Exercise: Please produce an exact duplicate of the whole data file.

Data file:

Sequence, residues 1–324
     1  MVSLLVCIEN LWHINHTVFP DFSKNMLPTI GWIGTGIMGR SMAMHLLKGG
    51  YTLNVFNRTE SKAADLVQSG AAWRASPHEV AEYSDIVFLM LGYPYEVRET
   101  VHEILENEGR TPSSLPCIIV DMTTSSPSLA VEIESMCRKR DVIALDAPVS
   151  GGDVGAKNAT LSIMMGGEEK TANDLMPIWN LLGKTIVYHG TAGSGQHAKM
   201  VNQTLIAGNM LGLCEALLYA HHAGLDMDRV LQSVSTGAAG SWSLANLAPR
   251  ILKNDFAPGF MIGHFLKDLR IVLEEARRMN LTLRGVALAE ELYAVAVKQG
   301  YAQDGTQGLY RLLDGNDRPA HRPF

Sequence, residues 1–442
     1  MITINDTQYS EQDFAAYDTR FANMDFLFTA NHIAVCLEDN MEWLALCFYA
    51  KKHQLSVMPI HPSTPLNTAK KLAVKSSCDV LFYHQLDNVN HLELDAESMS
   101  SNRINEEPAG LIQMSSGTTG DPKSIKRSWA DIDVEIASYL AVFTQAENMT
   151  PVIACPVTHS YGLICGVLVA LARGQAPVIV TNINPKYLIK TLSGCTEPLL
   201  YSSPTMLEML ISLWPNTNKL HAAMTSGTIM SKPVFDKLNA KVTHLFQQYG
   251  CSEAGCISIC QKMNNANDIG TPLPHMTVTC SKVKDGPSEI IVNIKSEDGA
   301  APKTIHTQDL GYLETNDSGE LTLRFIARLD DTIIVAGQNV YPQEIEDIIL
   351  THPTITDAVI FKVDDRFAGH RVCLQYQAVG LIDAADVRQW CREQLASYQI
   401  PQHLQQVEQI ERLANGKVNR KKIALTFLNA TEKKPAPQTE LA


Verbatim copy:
Sequence, residues 1–324
     1  MVSLLVCIEN LWHINHTVFP DFSKNMLPTI GWIGTGIMGR SMAMHLLKGG
    51  YTLNVFNRTE SKAADLVQSG AAWRASPHEV AEYSDIVFLM LGYPYEVRET
   101  VHEILENEGR TPSSLPCIIV DMTTSSPSLA VEIESMCRKR DVIALDAPVS
   151  GGDVGAKNAT LSIMMGGEEK TANDLMPIWN LLGKTIVYHG TAGSGQHAKM
   201  VNQTLIAGNM LGLCEALLYA HHAGLDMDRV LQSVSTGAAG SWSLANLAPR
   251  ILKNDFAPGF MIGHFLKDLR IVLEEARRMN LTLRGVALAE ELYAVAVKQG
   301  YAQDGTQGLY RLLDGNDRPA HRPF

Sequence, residues 1–442
     1  MITINDTQYS EQDFAAYDTR FANMDFLFTA NHIAVCLEDN MEWLALCFYA
    51  KKHQLSVMPI HPSTPLNTAK KLAVKSSCDV LFYHQLDNVN HLELDAESMS
   101  SNRINEEPAG LIQMSSGTTG DPKSIKRSWA DIDVEIASYL AVFTQAENMT
   151  PVIACPVTHS YGLICGVLVA LARGQAPVIV TNINPKYLIK TLSGCTEPLL
   201  YSSPTMLEML ISLWPNTNKL HAAMTSGTIM SKPVFDKLNA KVTHLFQQYG
   251  CSEAGCISIC QKMNNANDIG TPLPHMTVTC SKVKDGPSEI IVNIKSEDGA
   301  APKTIHTQDL GYLETNDSGE LTLRFIARLD DTIIVAGQNV YPQEIEDIIL
   351  THPTITDAVI FKVDDRFAGH RVCLQYQAVG LIDAADVRQW CREQLASYQI
   401  PQHLQQVEQI ERLANGKVNR KKIALTFLNA TEKKPAPQTE LA